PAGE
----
The Buncher Co.’s Riverfront Landing complex and Oxford Development’s 3 Crossings in the Strip District. The 178-acre Hazelwood Green, designed to attract tech companies. A proposed development by Millcraft Investments at the former J. Allan Steel site in Chateau with a Ferris wheel.
As these and other developments continue to remake the land along Pittsburgh’s three rivers, city planners are finishing a major rewrite of the riverfront zoning code. It’s a project long in the making, generating controversy with developers because of restrictions on the use of land, size of buildings and control of other elements that zoning requires of them.
The Planning Commission last month adopted revisions meant to appease some of the developers’ objections and sent the riverfront zoning to City Council with a recommendation for approval.
Sometime this year, a new “RIV district” will be in place to guide the development of 35 miles of riverfront, doing away with some of the existing overlay and specially planned zoning districts.
Why is zoning changing?
“Revising the riverfront zoning has been a recommendation made in several previous planning efforts, starting in the ’80s actually,” says Andrea Lavin Kossis, riverfront development coordinator for the Department of City Planning. The old code, she says, didn’t recognize the rivers as a cultural amenity, but specially planned districts in certain places later did so.
Land along the Allegheny, Monongahela and Ohio rivers traditionally was zoned urban industrial or general industrial. The rewrite is meant to recognize the riverfronts as “valuable cultural and ecological resources” that are regionally significant, according to the code, which says the city’s regulation of development is also meant to “improve the ecological health of its rivers and riverfronts.”
Updated zoning will complement planning efforts such as the Allegheny Riverfront Vision Plan and the forthcoming Comprehensive Plan. The RIV district will have subdistricts recognizing riverfront mixed-use, general industrial, industrial mixed-use, the North Shore with its stadiums, and riverfront mixed residential.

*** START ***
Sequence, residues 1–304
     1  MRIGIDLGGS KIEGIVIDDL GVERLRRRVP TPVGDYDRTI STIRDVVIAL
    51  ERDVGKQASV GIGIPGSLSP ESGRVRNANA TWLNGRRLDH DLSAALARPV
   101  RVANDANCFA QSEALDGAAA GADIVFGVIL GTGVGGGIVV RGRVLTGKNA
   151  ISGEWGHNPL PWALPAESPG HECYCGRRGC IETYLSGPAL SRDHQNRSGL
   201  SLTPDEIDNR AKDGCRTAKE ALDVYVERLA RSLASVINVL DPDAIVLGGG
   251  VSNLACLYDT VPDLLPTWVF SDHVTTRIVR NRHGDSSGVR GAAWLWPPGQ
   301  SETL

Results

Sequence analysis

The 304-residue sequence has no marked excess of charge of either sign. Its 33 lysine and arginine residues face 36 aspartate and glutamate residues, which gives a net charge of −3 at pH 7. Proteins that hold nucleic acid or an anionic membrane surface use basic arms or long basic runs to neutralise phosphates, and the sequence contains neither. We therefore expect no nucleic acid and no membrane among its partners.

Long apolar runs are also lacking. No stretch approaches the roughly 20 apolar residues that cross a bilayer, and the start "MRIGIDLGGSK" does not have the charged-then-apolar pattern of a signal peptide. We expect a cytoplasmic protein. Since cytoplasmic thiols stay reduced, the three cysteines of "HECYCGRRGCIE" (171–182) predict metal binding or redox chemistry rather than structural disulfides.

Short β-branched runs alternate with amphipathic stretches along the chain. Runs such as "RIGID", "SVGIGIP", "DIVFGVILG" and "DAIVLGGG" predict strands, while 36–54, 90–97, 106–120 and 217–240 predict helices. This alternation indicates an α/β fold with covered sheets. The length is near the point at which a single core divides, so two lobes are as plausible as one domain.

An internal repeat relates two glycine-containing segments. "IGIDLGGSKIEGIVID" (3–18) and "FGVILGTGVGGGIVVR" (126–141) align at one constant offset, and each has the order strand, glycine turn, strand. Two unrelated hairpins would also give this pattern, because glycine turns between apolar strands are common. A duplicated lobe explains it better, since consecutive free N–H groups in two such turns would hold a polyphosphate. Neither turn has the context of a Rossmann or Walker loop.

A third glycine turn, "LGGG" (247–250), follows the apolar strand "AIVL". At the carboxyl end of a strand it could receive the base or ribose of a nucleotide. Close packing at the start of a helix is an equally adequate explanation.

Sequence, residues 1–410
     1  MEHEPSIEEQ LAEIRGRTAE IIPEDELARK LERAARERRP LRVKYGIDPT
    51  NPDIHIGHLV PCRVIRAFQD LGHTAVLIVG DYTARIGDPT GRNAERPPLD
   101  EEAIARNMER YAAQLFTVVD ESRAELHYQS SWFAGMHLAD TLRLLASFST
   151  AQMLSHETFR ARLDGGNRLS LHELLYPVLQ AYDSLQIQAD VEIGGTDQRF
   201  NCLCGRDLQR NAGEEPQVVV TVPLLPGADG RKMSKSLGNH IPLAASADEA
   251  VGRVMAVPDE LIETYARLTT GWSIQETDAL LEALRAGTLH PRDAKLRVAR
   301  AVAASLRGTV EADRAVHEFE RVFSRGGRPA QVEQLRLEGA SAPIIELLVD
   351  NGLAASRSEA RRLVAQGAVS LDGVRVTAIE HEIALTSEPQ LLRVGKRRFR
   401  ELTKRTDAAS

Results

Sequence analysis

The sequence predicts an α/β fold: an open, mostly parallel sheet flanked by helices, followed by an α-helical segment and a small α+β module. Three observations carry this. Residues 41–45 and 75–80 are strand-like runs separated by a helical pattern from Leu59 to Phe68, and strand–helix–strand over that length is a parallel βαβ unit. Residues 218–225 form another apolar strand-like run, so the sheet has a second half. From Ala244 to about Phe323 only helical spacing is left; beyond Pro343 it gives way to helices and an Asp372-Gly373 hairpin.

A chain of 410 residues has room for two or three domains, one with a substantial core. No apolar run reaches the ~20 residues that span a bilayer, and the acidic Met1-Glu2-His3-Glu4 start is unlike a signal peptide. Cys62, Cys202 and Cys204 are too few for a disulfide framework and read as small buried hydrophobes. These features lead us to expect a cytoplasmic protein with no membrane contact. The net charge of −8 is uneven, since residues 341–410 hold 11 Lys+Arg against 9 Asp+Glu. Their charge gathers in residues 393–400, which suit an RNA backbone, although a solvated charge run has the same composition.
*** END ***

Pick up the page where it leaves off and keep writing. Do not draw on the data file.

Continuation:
In more than 200 pages, the code spells out minutiae such as changes to setback requirements, building heights and lengths, parking, sidewalks and landscaping.
What can we expect?
The zoning includes a bonus system for affordable housing, stormwater management and transit, permitting exemptions if developers meet certain city goals in those areas.
With the riverfront interim planning overlay district (IPOD) in effect for nearly two years, “I think people have gotten used to the fact that there needs to be certain standards for riverfront development, including setbacks and height restrictions and encouragement of various amenities,” says Vivien Li, president and CEO of Riverlife, a nonprofit organization that promotes riverfront activation.
“The Planning Commission was very responsive at its last meeting when it adopted a number of changes that the real estate community wanted,” she says. The commission made changes to how wide buffer setbacks would be and made accommodations to the size of the North Shore stadiums, among other things.
“I think it is a good compromise,” says Li, “in terms of fostering additional development along the riverfront with a number of amenities that benefit the general public.”
Editing continues, with a goal of simplifying the complicated document, says Lavin Kossis.
“In addition to writing new zoning for the riverfront, we’re updating a variety of other sections,” she says. “One of our goals with this zoning is for it to be easier to understand. It will include illustrations, for example, and we’re trying to make it as straightforward as possible. This is for anybody who wants to do work on the riverfronts.